The novel's title comes from the famous ‘Tomorrow and tomorrow and tomorrow’ soliloquy in Shakespeare’s Macbeth. Learning that his wife is dead and faced with the dawning realization that his doom is imminent, Macbeth delivers the lines:
Life's but a walking shadow, a poor player
That struts and frets his hour upon the stage
And then is heard no more: it is a tale
Told by an idiot, full of sound and fury,
Act V: Scene 5
On first encounter, this reference seems most pertinent to Benjy’s narrative. With a mental age of three, ‘idiot’ is the diagnosis he would have received from the medical establishment of the time. On a broader level, with its conviction that life is a pattern of anguish — and that this pain, for all its intensity, yet fails to imbue human existence with any lasting importance — the quotation resonates with all the novel’s characters.
Though it is perhaps surprising to find golf figuring in a novel set in the 1920s Deep South, the sport was becoming increasingly widespread at this point. A British import, golf first arrived on American shores during the 1880s and was initially very much the preserve of the well-to-do. By the 1920s, though still some years away from achieving general popularity, it was beginning to spread geographically and across classes. Faulkner himself was a keen golfer and played regularly on the nine-hole course at the University of Mississippi.
This is the first hint of Benjy’s mental condition. His character is based on Edwin Dial Chandler, a boy with Down syndrome who lived just three blocks away from the young William Faulkner in his home town of Oxford, Mississippi. He had the mental age of a child between three and seven years old though, unlike Benjy, he was able to talk. He was also a skilled baseball player and William and his brother John would sometimes play with him on their way home from school. Other children were less companionable and derived a good deal of entertainment from tormenting Edwin. These acts of childish cruelty appalled Faulkner and no doubt informed his sensitive portrayal of Benjy.
It is notable that Benjy’s age is the same as that of Christ at the time of his crucifixion. Many scholars have seen parallels with the son of God.
The Compson’s family home is modelled on the Thompson-Chandler House on South 13th Street in Oxford, Mississippi. It was built in 1859 for William Thompson, a prominent local attorney and planter. Nine years later, his daughter, Lucretia Maria, and her surgeon husband, Dr. Josiah Chandler, moved in to care for him in his old age. They would go on to have seven children and the whole family created a deep impression on Faulkner. That they inspired the characters in The Sound and the Fury is hinted at in the name Compson, which suggests a blending of Thompson and Chandler, and the children’s lives are mirrored by those of the novel’s younger generation. Thomas, like Quentin, committed suicide as a student; Wiley, who never moved from his home town, worked in a hardware store and remained a life-long bachelor, as does Jason; Lula, who disappeared as a young girl never to be seen again, parallels Caddy; whilst Edwin inspired the character of Benjy.
Though jimson weed is an attractive plant with large whorled flowers, its wide range of dubious monikers — including devil’s trumpet, devil’s cucumber and hells bells — attest to its baneful nature. Even a small amount can induce hypothermia and heart failure if ingested; giving it to someone of limited understanding would have been highly irresponsible.
Despite this, its recreational use is not unheard of. Smoked or made into tea, the plant can induce a delirious state, with visual distortions that cause one’s surroundings to take on a surreal, often threatening, aspect. Though it would be over-literal to suggest that Benjy’s view of the world is the product of ingesting jimson weed, there are certain parts of his narrative which seem to reflect its psychotropic properties. As if under the drug's influence, strange, shifting forms repeatedly manifest themselves, and the borders between dreamt and waking experience are indistinguishable. This line of imagery reaches a kind of clarity at the end of Benjy’s narrative: “Then the dark began to go in smooth, bright shapes, like it always does, even when Caddy says that I have been asleep”.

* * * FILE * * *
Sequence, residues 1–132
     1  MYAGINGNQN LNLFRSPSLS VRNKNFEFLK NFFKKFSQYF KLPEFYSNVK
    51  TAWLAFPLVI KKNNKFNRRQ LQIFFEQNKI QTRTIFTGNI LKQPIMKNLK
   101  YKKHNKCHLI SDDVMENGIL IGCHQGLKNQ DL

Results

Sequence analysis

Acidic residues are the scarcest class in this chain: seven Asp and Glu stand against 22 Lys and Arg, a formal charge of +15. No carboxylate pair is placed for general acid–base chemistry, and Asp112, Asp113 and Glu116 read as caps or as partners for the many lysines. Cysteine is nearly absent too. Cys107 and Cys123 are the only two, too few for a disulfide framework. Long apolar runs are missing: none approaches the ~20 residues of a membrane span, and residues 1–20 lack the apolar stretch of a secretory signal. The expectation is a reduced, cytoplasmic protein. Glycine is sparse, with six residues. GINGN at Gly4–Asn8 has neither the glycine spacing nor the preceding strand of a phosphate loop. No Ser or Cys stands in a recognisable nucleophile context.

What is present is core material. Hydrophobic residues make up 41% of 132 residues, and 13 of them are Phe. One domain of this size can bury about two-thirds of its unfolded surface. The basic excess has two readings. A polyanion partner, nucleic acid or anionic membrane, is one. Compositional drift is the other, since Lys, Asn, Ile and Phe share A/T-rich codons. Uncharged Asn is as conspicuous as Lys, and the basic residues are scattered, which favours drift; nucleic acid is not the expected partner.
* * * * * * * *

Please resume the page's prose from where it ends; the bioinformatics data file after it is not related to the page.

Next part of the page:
Jimson weed also functions on a symbolic level. Edmond Loris Volpe notes that another of its aliases is stink-weed, and that its foul smell is “an ironic symbol of the loss of Caddy who smelt like trees”. He also states that “among hill people it was considered a symbol of the male sex organ”: it therefore serves as a funeral wreath for Benjy’s own eliminated sexuality.
Dilsey is thought to be based on Faulkner’s own ‘mammy’, Caroline (or Callie) Barr. This warm, vital and impulsive woman was born into slavery in 1840, under the rule of Hugh Barr, a prominent Lafayette slave owner. As a result of the limited opportunities available to blacks, she continued to work in a similar capacity as a servant after Emancipation in 1863. She joined the Faulkner family shortly after they moved to Oxford, Mississippi in 1902, when William was just five years old. A deep mutual bond developed between them that progressed from the nurturing relationship of childhood to a strong adult friendship. Though illiterate, she was a superb storyteller and her accounts of her pre-Civil War experiences and the Ku Klux Klan’s campaign of terror had a major impact on Faulkner’s portrayals of race and womanhood. Characters inspired by Callie Barr feature in several novels, including Molly Beauchamp in Go Down, Moses (1942), which is dedicated to her memory.
When, after a century-long life, she passed away, Faulkner held the funeral service in the lounge of his home at Rowan Oak. Her gravestone in St Peter’s Cemetery bears the inscription, “her white children bless her”.
Outside Lafayette Courthouse stands a statue of a Confederate soldier, a memorial to those who fought in the Civil War of 1861-65 (see bookmark for page 89). Erected in 1907, the statue was donated by the United Daughters of the Confederacy, of which Faulkner’s paternal grandmother, Sallie McAlpine Falkner (nee Murry), had been an assertive member. The plaque reads: “In memory of the patriotism of the Confederate soldiers of Lafayette County, Mississippi. They gave their lives in a just and holy cause.”